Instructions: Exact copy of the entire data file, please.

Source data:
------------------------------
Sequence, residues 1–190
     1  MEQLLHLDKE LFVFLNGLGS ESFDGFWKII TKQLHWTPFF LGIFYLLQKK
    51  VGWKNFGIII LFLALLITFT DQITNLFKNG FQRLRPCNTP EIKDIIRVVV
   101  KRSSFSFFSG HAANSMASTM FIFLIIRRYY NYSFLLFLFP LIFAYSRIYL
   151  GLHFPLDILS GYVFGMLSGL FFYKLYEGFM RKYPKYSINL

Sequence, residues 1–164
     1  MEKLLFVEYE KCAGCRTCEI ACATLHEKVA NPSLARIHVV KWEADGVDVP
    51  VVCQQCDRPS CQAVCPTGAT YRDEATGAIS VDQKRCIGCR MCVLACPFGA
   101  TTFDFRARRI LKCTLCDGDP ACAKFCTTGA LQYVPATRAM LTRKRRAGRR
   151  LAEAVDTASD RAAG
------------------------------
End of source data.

Sequence, residues 1–190
     1  MEQLLHLDKE LFVFLNGLGS ESFDGFWKII TKQLHWTPFF LGIFYLLQKK
    51  VGWKNFGIII LFLALLITFT DQITNLFKNG FQRLRPCNTP EIKDIIRVVV
   101  KRSSFSFFSG HAANSMASTM FIFLIIRRYY NYSFLLFLFP LIFAYSRIYL
   151  GLHFPLDILS GYVFGMLSGL FFYKLYEGFM RKYPKYSINL

Sequence, residues 1–164
     1  MEKLLFVEYE KCAGCRTCEI ACATLHEKVA NPSLARIHVV KWEADGVDVP
    51  VVCQQCDRPS CQAVCPTGAT YRDEATGAIS VDQKRCIGCR MCVLACPFGA
   101  TTFDFRARRI LKCTLCDGDP ACAKFCTTGA LQYVPATRAM LTRKRRAGRR
   151  LAEAVDTASD RAAG